Canadian doctors protest against 'pay raises' in unprecedented move

Laverne Higgins
March 12, 2018

The group say they are offended that they would receive raises when nurses and patients are struggling.

In what may at first seem a unusual call, hundreds of doctors and medical students in Quebec have rejected a pay rise.

The petition said the region's nurses and other professionals face "difficult working conditions" due to "cuts in recent years". "The only thing that seems to be immune to the cuts is our remuneration".

The petition put forth by the medics has so far amassed 742 signatures-420 physicians, 157 resident doctors and 165 medical students.

Last month, Quebec's federation of medical specialists negotiated with the province's health ministry for average annual raises of 1.4 percent through 2023 for about 10,000 specialists.

A physician in Canada is paid Dollars 260,924 for clinical services by the government's Ministry of Health per year on average, according to a report from the Canadian Institute for Health Information published in September 2017.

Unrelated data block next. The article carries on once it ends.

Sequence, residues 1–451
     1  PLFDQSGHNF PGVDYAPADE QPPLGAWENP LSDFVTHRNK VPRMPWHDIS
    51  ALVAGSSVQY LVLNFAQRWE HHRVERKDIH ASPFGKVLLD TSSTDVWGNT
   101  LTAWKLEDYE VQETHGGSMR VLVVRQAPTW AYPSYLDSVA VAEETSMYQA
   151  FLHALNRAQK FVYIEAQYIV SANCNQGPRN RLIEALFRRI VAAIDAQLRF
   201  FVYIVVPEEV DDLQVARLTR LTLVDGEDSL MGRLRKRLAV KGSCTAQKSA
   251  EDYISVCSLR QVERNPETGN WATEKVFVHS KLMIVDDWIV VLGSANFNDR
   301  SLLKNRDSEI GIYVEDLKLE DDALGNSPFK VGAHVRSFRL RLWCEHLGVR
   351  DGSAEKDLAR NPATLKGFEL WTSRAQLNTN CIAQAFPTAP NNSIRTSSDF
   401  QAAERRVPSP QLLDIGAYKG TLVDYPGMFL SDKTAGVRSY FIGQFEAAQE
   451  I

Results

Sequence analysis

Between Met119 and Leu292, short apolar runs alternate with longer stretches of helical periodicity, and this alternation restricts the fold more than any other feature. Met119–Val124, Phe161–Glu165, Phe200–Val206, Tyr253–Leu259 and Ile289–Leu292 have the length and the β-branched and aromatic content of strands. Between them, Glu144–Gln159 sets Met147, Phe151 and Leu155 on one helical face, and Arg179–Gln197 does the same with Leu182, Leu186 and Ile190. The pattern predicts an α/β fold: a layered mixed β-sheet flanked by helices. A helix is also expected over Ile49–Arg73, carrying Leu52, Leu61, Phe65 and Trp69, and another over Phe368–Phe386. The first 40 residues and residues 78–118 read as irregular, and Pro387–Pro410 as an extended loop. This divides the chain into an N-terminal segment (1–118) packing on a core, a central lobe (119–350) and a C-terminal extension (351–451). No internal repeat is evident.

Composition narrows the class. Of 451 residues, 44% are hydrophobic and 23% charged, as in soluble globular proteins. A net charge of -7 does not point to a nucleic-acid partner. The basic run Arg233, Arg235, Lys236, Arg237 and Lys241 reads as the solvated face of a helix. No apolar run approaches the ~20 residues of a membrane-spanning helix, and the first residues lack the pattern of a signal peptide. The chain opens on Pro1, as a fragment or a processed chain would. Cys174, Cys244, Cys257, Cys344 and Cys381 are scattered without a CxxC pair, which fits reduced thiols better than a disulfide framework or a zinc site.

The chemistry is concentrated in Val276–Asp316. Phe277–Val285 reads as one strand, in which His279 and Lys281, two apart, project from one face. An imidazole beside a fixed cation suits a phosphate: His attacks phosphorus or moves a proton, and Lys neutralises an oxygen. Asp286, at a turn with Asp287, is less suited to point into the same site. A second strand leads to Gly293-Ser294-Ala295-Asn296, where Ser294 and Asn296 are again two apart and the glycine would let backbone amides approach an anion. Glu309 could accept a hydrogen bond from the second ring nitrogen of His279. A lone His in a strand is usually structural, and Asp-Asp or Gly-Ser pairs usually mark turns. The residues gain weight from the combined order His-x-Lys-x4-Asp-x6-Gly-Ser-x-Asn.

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The media outlet reported that Quebec's health minister, Gaétan Barrette saying the doctors could give up their raise if they want. "But the doctors who are in that position are still the small minority".

Part of what's driving this is the desperate situation Quebec's nurses say they find themselves in.

It comes as evidence showed the amount of money being paid to Quebec's specialist physicians increased by $159,000 between 2009 and 2016, while the number of hours they worked and the number of patients they saw went down. More Support Isabelle Leblan, the president of Médecins québécois pour le régime public, the group that sent the letter, said "It's a tough stand to take".

And while Quebec doctors make more money on average than doctors in other provinces, nurses make less - averaging about $23 per hour to start, compared to $31 in Ontario and $36 in Alberta, according to the Montreal Gazette. "MQRP joins its voices to those of nurses to denounce this unacceptable situation, which affects the quality of care for the Quebec population and weakens our public health system".

Barrette told CBC he's committed to improving the working conditions for nurses. "My health system is sick and dying".

"I am broken by my profession", Ricard writes in her post, which has a picture of her with tears in her eyes and giving a sarcastic thumbs up.

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